Once in a while on a trip documenting avian natural history you get lucky and come across something that is known to happen but you may not have seen before. And I was lucky to witness something like this a couple of weeks back on a trip to Tal Chapar.
We had all just arrived at the Forest Rest House at Tal Chapar, had a quick cup of morning chai and had set off around 7am into the Ghoshala area just outside the blackbuck sanctuary. This area is home to the Hardwicke’s Spiny-tailed Lizard and they are one of the reasons for a lot of raptors to visit Tal Chapar in the winter migratory season. These lizards live in burrows in the ground and come out as the sun heats up the ground to bask in the heat and feed on the grass near their burrows. 7am is a bit too early for them to emerge, though, and our idea was to scout out the area for any raptors that were waiting for them to make their appearance.
As we were driving around, we came across a big flock of crows, probably about 40 in number. For those who don’t know this, a flock of crows is also referred to as a “murder”.
The Oxford English Dictionary suggests this is an allusion to “the crow’s traditional association with violent death” or “its harsh and raucous cry.” If you’ve ever heard dozens of agitated crows in full cry, it really does sound as if they’re yelling bloody murder.
All of these crows were sitting on the ground when we saw them. And right in the middle of this we saw a Tawny Eagle. We were wondering what was happening, but since our view was obstructed by a bush and we could not really see. A few seconds later the Tawny took flight and we could see that he had a dead crow in his talons.
The eagle was immediately followed by the entire murder of crows caw-ing vociferously. It was a sight to behold and being completely unprepared for this none of us managed to capture this moment in our cameras. But sometimes that’s ok, I guess. The scene is still vividly imprinted in my mind – just the thought of a large bird like a crow becoming a prey in front of our eyes was quite an unforgettable event. And the cacophony of the murder of flows flying behind, caw-ing and chasing the eagle just added to the drama of the occasion. Thankfully, the Tawny Eagle didn’t fly too far from that spot. It must have done about 30-40 meters and found a nice perch on a dead tree and settled down with its potential meal.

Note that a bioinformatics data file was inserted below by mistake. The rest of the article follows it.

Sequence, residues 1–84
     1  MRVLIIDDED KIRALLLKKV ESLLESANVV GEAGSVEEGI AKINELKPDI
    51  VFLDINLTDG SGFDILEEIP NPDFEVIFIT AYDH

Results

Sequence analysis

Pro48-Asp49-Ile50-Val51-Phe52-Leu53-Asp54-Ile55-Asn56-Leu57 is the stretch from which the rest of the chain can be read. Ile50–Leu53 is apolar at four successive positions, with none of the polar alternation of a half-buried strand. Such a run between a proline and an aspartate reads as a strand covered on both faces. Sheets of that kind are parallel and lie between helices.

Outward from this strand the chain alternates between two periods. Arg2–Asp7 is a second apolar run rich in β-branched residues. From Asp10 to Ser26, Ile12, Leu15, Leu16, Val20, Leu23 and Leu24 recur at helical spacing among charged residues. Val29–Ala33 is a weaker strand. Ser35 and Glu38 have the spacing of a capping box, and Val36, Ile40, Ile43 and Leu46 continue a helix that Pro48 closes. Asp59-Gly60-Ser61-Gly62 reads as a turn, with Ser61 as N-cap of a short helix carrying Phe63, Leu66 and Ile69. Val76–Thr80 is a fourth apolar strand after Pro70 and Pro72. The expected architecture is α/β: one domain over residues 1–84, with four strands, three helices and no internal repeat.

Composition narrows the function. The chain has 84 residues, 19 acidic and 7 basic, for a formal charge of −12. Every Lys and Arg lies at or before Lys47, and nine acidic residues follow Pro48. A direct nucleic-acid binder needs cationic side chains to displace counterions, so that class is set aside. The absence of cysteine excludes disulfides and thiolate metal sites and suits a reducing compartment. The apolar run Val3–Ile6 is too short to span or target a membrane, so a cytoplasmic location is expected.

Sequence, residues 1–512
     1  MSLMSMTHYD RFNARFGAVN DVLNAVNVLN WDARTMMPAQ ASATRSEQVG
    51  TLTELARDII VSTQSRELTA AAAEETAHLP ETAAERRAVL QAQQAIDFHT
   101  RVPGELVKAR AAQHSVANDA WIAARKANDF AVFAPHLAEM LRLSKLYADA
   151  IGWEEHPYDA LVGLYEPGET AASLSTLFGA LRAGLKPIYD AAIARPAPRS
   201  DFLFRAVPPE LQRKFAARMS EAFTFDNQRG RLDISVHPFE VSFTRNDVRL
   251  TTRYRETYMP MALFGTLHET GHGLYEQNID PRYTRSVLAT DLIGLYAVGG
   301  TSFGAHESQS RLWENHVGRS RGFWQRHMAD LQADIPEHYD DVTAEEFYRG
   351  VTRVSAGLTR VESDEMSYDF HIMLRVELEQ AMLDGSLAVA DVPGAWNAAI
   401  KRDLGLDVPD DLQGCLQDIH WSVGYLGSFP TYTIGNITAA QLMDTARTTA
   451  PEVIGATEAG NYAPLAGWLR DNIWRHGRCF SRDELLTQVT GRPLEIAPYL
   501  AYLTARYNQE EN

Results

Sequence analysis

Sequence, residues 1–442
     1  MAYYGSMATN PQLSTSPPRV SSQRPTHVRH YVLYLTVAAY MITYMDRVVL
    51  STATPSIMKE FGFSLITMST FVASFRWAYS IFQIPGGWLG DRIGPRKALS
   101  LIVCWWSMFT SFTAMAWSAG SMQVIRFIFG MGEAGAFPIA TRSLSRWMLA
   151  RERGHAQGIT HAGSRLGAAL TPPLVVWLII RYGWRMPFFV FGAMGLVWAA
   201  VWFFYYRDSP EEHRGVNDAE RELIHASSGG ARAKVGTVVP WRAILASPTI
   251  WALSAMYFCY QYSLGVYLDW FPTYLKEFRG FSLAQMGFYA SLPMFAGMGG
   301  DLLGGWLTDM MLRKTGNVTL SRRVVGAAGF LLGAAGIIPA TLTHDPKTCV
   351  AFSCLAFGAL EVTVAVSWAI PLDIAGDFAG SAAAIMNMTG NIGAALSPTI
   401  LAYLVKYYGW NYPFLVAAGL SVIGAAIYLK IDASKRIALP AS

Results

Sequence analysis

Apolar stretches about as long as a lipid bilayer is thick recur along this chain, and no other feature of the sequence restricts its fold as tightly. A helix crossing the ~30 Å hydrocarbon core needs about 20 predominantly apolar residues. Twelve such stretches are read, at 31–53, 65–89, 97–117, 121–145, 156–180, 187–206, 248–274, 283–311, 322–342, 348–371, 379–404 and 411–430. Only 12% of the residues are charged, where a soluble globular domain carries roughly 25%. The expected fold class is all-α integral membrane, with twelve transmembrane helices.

By this time, we had positioned our vehicle at the best possible spot to observe the entire scene and were soaking everything in. The silence in the vehicle would be punctuated by periods of rapid-fire machine-gun like clicks of the Nikon D500 and the Canon 1Dx. And as we would see something that caught anyone’s attention, that would be whispered for the others to latch on to.
The Tawny Eagle was completely unperturbed by the chaos around him. He took his time to settle down on his perch, kept a close watch on what the other crows were doing around him and then got down to the job of stripping the feathers off the dead crow. Calmly and unhurriedly he went about this task for the next 15 or 20 minutes. Some crows would fly into him from a nearby tree in an attempt to throw him off his task but he would not get fazed by such attempts. Slowly, the frequency of these attempts died down as the crows realised that they were up against a very determined enemy.
As the first task of de-feathering his meal was coming to a close, he turned his attention to the head of the dead crow. He spent some time in decapitating the dead bird. And somewhere here I saw the raptor pluck the eyes of the crow out and swallow it. Wow, that was quite unbelievable. At this time we were all wondering aloud about how he would deal with the beak. And he answered that quite quickly and swiftly – the head was yanked out and was swallowed in one smooth motion. Again, not something that we expected, and there was a collective gasp inside the vehicle.
He then turned his attention to the rest of his kill and completely stripped off the rest of the dead crow of its feathers. For such a big bird, we all agreed that the crow wouldn’t have made a filling meal for the massive Tawny Eagle. Start to finish this was a 51 minutes show of the brutal food chain that gets enacted every moment somewhere or the other. Seeing it happen right in front of our eyes was quiet a spectacle.